Last year, rock star, hunter, and NRA activist Ted Nugent brought his star power — and some firepower — to one recent Hogs for a cause hunt. This photo was taken in a concert at the annual NRA convention.

During a recent hunt that included rock star and NRA officer Ted Nugent, 156 hogs were harvested, and the soldiers helped to process the meat, which later is given to struggling families in the local area. It can become a very emotional event for both the soldiers and those receiving the gift. “It lets each individual know that they can make a difference with their lives and help wounded warriors by giving them hope,” she said.

Bible Study & Barbecue

One important part of each hunt happens when the thermal imaging units and guns are put away. That’s when the custom-made 20-foot barbecue grill is wheeled out, and four large 5’ grills are fired up.

While the food is cooking, and when the successful hunters sit down to share a well-earned meal made possible by their skill and hard work, it’s time for a bit of Bible study. “My satisfaction in operating this organization comes from having the opportunity to spread God’s word and see how it positively affects people. You can see the difference in the veteran’s outlook and attitude after they finish their first hunt.

“The response we get from just loving people changes their lives,” she said. “It’s been such an awesome experience to be around all of this.”

There are other groups that work with injured vets, but Haehn says there isn’t much out there that combines Christian ministry and hunting.

The Haehns have spread the word about their non-profit through various channels, including a website, an e-mail list, business cards, brochures, and through organizations like Hope for the Hungry and Legacy Outfitters.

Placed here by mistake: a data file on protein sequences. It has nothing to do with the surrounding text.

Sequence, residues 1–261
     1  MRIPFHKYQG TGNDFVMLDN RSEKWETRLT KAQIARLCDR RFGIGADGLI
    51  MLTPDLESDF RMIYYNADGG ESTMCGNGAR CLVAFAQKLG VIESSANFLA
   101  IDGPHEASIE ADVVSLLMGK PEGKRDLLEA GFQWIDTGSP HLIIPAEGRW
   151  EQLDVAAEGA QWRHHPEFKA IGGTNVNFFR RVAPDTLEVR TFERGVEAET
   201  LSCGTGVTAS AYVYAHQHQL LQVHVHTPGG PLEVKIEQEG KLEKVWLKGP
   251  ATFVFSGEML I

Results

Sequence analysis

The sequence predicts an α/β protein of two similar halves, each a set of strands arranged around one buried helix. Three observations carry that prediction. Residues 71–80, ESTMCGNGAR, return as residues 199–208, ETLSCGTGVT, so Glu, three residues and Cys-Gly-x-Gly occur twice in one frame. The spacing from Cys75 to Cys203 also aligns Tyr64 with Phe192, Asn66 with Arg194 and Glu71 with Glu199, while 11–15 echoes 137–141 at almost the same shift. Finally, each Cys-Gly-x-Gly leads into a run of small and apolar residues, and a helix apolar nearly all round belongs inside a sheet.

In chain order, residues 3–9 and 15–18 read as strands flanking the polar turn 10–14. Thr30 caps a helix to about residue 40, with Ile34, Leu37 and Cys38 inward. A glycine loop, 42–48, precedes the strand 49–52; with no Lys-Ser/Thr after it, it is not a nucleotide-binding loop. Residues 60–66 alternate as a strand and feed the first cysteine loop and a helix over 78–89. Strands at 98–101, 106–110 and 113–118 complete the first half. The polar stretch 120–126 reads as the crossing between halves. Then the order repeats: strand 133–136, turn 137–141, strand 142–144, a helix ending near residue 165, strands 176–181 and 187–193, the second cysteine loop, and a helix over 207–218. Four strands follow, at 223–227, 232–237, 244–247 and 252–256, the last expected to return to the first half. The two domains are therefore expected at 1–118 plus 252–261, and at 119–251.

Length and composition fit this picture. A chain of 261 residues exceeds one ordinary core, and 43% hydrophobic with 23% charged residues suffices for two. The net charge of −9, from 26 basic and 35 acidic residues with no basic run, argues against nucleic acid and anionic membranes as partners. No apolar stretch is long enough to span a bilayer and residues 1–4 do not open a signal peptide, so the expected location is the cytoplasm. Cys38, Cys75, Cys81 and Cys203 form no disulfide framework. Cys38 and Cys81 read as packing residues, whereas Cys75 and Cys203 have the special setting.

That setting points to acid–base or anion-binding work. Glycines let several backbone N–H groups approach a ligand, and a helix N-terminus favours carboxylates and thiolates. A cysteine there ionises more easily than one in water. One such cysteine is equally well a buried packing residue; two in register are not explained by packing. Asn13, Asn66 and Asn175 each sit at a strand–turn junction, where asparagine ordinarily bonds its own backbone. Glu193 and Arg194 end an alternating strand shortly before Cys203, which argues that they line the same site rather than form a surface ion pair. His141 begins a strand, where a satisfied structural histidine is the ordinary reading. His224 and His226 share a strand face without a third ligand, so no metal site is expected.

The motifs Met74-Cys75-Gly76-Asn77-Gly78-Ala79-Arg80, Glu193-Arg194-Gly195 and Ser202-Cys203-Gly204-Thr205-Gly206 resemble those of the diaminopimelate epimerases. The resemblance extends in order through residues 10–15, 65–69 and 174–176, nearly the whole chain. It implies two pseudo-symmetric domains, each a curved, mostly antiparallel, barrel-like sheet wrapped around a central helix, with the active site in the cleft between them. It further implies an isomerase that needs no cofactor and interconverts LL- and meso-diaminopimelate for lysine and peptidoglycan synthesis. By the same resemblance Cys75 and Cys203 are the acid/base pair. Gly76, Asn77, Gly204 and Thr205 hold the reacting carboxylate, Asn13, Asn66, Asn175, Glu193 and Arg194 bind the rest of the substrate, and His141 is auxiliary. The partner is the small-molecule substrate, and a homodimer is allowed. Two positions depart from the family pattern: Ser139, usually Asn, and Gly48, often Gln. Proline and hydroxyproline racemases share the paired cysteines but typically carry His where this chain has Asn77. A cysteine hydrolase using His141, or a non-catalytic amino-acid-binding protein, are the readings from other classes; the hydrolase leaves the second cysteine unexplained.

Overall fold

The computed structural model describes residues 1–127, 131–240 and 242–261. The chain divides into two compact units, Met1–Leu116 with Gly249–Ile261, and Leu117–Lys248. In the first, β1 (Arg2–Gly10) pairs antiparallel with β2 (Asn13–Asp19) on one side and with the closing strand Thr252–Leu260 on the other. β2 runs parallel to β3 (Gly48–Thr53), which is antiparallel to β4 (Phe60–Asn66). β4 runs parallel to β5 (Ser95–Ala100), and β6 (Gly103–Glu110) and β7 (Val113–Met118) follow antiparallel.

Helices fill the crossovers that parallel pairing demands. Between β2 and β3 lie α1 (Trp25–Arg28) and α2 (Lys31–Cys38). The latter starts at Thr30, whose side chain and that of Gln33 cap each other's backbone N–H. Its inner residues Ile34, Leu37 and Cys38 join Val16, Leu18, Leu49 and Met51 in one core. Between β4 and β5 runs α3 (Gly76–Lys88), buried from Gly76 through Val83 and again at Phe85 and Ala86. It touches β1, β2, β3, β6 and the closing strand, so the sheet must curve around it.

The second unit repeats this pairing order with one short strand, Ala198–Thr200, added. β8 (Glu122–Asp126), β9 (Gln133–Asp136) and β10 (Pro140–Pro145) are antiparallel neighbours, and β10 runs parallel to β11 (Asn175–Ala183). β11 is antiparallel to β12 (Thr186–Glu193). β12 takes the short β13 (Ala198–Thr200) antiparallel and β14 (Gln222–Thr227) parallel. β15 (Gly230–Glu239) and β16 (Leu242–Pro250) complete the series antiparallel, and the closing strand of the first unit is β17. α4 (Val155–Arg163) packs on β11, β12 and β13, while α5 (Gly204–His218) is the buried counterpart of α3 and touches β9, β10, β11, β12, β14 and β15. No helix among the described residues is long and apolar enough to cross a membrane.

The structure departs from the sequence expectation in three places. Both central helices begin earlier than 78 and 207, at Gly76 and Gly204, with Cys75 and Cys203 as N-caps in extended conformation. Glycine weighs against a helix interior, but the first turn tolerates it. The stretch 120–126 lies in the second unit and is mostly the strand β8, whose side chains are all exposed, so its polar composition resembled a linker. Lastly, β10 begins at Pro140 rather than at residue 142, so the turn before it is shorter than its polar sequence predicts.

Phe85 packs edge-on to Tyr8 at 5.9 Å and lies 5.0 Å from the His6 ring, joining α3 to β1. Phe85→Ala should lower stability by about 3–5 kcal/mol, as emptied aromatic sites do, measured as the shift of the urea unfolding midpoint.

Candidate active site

The Challenge of Accounting for Non-Profits

Like many non-profit founders, Haehn and her husband started Hogs for a Cause while both had full-time jobs. “It can be difficult to make a living while running a non-profit,” Haehn said.

As any entrepreneur can attest, start-up business accounting is a challenge, and accounting for non-profits is a different kind of challenge. It was the dual challenge of doing both at the same time that first led Kristine Haehn to sign up with 1-800Accountant.

Start-up business accounting is especially difficult when you’re also working another job, so having access to on-demand help and advice made a big difference, she says.

“I’m a satisfied customer of 1-800Accountant. I have always gotten my questions answered and routed to the right places,” she said. “They’ve made it very simple, and it was really a genuine assistance to have 1-800Accountant support me with the start-up business accounting and answer my questions about accounting for non-profits, especially while I was working at another job as well.”

If you’re a farm or ranch owner in Texas, a vet who wants to participate in a hunt, or to donate to the cause, check out the organization’s website at

Photo credits:  The photograph of Ted Nugent was offered on Flickr under a Creative Commons license.  The photograph of Kristine and David Haehn was provided by the couple, and is used with permission.